A “bold proposal” to reduce the documentation burden on physicians was released as part of CMS’s 2019 proposed Medicare Physician Fee Schedule (PFS). This seemed to have begun as an effort to listen to stakeholders and address the problems of out-of-date guidelines, cloning, EHR misuse, and problems that have evolved since the inception of the documentation guidelines. However, this proposal introduces a wholly self-serving and uninvited component of a change to payment rates and methodology that no one asked for.
The catchy tagline of “Patients over Paperwork” implies a quality issue caused in part by administrative overkill, but let’s not forget that these are the federal guidelines that have been enthusiastically enforced for more than 20 years by this same CMS.
Last year, when CMS sought input from stakeholders about the need to reduce the documentation burden caused by “administratively burdensome and outdated” guidelines—their own words—the decision was hailed within the industry.
CMS had said, “We are … specifically seeking comment on whether it would be appropriate to remove our documentation requirements for the history and physical exam for all E/M visits at all levels.” The agency went on to say that, “We believe medical decision-making and time are the more significant factors in distinguishing visit levels and that the need for extended histories and exams is being replaced by population-based screening and intervention, at least for some specialties.”
No argument there. Physicians have been looking forward to the results of the comment period and hoping for some regulatory relief.
CMS didn’t say, “While we’re at it, let’s change the way providers are paid. Let’s find a way to pay providers less, particularly for the most complex patients.” But that’s exactly what they’ve done with this new proposal.
The CMS traveling medicine show
Last month, CMS administrators and physician leadership from the offices of Health Information Technology and Center for Medicare and Medicaid Innovation (CMMI) gathered for a telecast promoting “Patients over Paperwork,” or their E/M coding reform.
Touting their heartfelt desire to reduce documentation burdens and save individual physicians 51 hours a year in documentation time (roughly an hour a week), these former practicing physicians went on to give some real examples of how the current documentation guidelines don’t work well in the EHR environment, which was also mandated by CMS, if you recall.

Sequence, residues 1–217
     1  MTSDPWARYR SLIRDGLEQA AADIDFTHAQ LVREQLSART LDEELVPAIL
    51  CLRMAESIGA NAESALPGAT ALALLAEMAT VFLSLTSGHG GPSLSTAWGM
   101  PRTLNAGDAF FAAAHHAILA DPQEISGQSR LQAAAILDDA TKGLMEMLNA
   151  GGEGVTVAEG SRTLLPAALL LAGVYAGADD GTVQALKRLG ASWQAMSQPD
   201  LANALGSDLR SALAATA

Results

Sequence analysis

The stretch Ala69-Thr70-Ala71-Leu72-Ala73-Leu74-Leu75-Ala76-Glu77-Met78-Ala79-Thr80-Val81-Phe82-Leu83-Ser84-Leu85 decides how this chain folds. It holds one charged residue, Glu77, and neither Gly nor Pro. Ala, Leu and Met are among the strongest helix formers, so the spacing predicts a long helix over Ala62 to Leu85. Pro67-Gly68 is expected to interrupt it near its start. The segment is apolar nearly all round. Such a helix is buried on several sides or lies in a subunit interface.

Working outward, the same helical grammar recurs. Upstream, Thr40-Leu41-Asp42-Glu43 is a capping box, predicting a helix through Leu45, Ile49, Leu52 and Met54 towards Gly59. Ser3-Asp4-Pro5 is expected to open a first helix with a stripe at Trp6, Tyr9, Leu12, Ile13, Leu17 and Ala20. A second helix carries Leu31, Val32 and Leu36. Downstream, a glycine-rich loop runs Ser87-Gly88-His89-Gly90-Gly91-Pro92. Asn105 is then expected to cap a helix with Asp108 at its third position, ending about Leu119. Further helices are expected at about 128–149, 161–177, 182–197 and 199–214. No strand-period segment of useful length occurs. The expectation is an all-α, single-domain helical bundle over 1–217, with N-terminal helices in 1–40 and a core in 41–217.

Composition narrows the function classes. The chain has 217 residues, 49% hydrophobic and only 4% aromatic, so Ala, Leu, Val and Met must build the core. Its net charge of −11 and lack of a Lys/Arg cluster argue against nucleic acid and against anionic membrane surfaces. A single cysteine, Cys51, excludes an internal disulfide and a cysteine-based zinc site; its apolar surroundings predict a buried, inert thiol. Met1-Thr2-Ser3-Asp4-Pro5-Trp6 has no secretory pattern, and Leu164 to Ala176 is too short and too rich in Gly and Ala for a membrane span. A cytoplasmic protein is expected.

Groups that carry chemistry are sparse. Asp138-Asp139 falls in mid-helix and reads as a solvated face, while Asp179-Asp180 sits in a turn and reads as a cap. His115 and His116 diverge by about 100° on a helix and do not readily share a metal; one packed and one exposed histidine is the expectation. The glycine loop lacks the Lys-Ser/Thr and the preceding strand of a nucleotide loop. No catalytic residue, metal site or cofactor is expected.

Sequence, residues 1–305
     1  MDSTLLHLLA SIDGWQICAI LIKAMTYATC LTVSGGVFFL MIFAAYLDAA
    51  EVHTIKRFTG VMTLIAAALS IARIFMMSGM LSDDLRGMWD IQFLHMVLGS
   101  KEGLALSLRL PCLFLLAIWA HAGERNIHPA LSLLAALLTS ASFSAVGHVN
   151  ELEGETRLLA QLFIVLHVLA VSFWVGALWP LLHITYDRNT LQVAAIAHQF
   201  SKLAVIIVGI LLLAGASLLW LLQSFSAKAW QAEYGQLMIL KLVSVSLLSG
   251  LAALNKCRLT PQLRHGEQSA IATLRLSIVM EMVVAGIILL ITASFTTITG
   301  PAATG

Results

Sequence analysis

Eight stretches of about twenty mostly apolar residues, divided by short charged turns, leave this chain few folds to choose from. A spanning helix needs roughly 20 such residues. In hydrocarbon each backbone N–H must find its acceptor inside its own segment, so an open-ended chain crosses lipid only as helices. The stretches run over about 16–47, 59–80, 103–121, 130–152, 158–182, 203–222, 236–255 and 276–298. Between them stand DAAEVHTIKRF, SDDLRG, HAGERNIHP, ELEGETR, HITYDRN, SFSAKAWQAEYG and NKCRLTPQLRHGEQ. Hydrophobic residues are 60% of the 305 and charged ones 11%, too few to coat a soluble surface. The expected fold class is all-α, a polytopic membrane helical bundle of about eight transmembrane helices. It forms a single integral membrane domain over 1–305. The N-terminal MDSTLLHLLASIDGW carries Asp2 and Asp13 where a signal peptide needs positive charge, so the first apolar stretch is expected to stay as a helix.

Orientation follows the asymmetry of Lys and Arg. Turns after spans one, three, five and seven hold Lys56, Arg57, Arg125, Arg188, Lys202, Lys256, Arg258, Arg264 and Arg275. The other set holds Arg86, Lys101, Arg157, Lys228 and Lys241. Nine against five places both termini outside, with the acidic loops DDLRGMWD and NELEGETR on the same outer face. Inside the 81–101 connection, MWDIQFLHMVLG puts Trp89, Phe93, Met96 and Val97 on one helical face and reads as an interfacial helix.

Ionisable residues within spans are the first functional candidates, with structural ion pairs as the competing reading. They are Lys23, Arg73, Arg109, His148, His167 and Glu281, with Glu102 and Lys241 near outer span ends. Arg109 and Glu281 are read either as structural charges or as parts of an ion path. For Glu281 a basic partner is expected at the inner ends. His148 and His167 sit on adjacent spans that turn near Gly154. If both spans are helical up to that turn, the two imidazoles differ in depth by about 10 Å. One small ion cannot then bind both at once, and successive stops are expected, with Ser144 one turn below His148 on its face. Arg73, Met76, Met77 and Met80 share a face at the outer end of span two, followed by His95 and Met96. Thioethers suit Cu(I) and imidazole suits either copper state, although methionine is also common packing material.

Side note: Adam Boehler, CMS deputy administrator and director for the CMMI made an interesting comment that in the next couple of years, everyone’s EHR will be available on your phone. Heads up, HIPAA.
It’s true that it’s difficult to find the real information in an over-templated note, and this could be a danger to patients. It’s a little less true that docs can’t write real notes. Docs don’t—or won’t is more like it—but some EHRs don’t make it easy, either.
The first part of the proposal is directed at the real issue: the documentation burden. The proposal states, “We propose to apply a minimum documentation standard where, for the purposes of PFS payment for an office/outpatient E/M visit, practitioners would only need to meet documentation requirements currently associated with a level 2 visit for history, exam and/or medical decision-making (except when using time to document the service).”
The proposed rule doesn’t specify what level 2, new or established, but let’s assume established since most visits are established. That’s a surprising choice since the documentation burden is so low—no reviews of system (ROS), one exam element, and subacute decision-making.
A 99213 is the most widely reported E/M code and is generally recognized to represent one unit of provider work, an acute uncomplicated problem, or a stable chronic illness. It is somewhat surprising to see, then, that the documentation level wasn’t set there, since it is still very easy to achieve without “note bloat.” But perhaps that is intended as more of the bait, because here comes the switch. Cue the theme music from the Paul Newman and Robert Redford movie The Sting.